“It’s a great honour to be considered as one of the pioneers in this field of microfluidics and nanofluidics, the science and technology dealing with small amount of liquid,” Professor Nguyen said.

“Microfluidics that enables faster and more accurate diagnosis of diseases.

Microneedle arrays exert different physical forces on the cells and also measure changes that occur by various physical forces.

“This technology allows for precise handling of small amount of samples and reagents.

“My research has been aiming at medium-term impact and has moved from sensors for cars to shrinking down a lab onto a chip to wearable devices for health monitoring.

“I am currently focused on the implementation of mechanical stimuli in organ models on a chip. We have developed a range of cell stretching devices for mechanobiology study. Ongoing works are on skin model, skin cancer model, gut model and blood vessel model.

“Actuation concepts from micro electromechanical systems (MEMS) technology, flexible sensing devices with microfluidic 3D cell culture are our enabling technologies.

“As a complement to this fundamental research, I’ve recently established the field called ‘micro elasofluidics’ that utilises stretchability and flexibility from molecular scale to device scale. It integrates microfluidics into flexible wearable and implantable devices.

“Micro elastofluidics will be extremely useful for the development of organs on a chip.”

Global journey to now

Prof Nguyen’s son in front of his portrait at a recent exhibition.

Professor Nguyen spent a decade at studying, teaching and researching in his field in Germany, at Chemnitz University of Technology.

He also enjoyed time as a post-doctoral research engineer at Berkeley Sensor and Actuator Center at the University of California.

Prior to his arrival at Griffith, he conducted his independent research for over 13 years as an Associate Professor at Nanyang Technological University in Singapore.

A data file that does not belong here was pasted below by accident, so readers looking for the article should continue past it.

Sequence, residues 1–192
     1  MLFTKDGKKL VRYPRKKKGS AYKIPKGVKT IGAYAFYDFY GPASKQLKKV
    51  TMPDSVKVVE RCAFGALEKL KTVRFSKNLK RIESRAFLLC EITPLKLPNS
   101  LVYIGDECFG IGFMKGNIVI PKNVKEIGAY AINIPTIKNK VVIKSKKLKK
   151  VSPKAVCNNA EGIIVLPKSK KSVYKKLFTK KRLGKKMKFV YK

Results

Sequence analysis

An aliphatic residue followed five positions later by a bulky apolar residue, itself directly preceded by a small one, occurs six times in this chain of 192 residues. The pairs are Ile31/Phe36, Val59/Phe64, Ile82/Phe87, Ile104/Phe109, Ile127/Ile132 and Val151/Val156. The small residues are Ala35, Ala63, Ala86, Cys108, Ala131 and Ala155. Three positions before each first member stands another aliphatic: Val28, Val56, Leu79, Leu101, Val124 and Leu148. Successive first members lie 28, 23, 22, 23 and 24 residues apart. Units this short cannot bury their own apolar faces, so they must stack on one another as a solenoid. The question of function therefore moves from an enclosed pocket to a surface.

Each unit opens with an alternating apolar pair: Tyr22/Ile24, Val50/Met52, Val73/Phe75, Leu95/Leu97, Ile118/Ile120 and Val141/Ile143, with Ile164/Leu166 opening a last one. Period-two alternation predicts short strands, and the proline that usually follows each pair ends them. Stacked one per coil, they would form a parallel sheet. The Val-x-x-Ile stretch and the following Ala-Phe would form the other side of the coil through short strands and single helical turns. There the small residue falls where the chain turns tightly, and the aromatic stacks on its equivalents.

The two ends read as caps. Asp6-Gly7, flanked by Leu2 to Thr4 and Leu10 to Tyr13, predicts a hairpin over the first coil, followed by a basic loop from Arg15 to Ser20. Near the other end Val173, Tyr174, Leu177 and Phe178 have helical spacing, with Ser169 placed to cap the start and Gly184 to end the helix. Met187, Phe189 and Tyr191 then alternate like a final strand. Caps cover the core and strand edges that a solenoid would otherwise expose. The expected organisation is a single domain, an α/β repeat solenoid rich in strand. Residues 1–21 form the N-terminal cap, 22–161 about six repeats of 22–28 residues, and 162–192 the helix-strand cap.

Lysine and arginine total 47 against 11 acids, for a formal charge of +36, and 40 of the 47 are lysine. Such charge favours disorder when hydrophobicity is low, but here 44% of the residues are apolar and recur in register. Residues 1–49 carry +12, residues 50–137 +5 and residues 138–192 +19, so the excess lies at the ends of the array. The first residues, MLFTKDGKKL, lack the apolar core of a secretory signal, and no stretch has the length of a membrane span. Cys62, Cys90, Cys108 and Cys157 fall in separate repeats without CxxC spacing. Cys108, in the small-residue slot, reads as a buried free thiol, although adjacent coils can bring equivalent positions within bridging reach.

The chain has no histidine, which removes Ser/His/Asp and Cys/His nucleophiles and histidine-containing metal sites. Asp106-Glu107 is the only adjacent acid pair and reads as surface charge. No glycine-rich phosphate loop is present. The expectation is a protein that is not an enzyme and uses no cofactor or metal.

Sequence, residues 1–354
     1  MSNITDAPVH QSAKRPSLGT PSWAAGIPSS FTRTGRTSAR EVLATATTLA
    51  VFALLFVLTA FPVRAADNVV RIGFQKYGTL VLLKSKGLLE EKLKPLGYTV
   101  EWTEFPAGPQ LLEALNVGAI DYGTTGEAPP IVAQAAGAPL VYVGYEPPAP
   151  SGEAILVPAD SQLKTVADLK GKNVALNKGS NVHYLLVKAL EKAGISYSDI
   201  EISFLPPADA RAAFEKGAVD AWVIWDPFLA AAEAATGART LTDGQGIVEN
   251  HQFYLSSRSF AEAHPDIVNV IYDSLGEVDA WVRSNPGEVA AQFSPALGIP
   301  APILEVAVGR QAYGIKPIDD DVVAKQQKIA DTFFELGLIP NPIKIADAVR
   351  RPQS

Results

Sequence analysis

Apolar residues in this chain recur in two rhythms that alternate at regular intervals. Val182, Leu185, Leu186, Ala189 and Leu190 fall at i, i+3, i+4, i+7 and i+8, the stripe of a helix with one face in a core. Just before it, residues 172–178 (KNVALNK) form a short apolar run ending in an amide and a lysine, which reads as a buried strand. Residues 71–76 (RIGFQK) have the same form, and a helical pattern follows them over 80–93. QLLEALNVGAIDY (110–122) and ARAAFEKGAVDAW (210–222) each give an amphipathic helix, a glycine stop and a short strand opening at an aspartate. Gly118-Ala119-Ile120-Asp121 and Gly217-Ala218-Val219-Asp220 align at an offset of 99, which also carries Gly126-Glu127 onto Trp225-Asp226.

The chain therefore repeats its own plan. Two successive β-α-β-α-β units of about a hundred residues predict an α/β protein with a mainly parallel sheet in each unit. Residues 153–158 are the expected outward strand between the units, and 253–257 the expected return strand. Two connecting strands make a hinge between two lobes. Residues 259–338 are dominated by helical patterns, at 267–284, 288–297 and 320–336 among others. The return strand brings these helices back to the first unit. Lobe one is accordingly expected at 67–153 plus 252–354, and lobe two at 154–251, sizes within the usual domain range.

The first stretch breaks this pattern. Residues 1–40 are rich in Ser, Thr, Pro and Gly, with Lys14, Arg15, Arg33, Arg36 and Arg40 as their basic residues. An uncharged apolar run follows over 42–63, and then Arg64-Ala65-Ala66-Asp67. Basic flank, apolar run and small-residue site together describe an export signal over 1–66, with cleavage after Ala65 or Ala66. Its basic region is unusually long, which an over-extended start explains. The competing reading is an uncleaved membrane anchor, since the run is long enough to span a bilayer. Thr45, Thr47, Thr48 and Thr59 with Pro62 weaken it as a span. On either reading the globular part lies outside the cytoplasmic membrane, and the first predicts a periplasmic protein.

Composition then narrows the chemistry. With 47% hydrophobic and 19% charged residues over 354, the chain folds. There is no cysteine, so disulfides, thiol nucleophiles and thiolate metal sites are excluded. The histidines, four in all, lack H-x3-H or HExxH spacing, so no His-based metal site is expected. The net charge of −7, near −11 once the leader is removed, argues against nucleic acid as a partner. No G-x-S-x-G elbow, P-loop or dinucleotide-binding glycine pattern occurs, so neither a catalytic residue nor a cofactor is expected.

Juggling a young family (now grown up) between these moves around the world while still writing papers, research grant proposals, managing 60-70 people at a time, teaching and attending conferences is something that Professor Nguyen said helped instil the same perseverance and discipline needed to excel in his field of research as well as his portrait painting time and skills.

In a similar way, growing up in Vietnam during the end of the war inspired the determination to succeed, in its own way.

Prof Nguyen with then PhD candidate Raja Vadivelu.

“I was 5 when the Vietnam war ended. The country was bombed to bits, the people were tired, everything was in short supply,” he said.

“In contrast to the victorious propaganda, the prices for Vietnam’s unification were hunger, rationed commodity and isolation to the world outside of the communist bloc. Even papers for printing books were rationed. I have been always a book lover and remember that I had to collect about 20 kg of old papers for recycling to exchange for a new book off the press.

“You cannot imagine the happiness of getting a new book after such a lengthy and laborious process, including transporting the recycling papers with my barely functioning bicycle across Hanoi.

“The survivor instinct from my early years makes my research focus extremely pragmatic over my career, and those experiences in turn also embed themselves into my artworks.”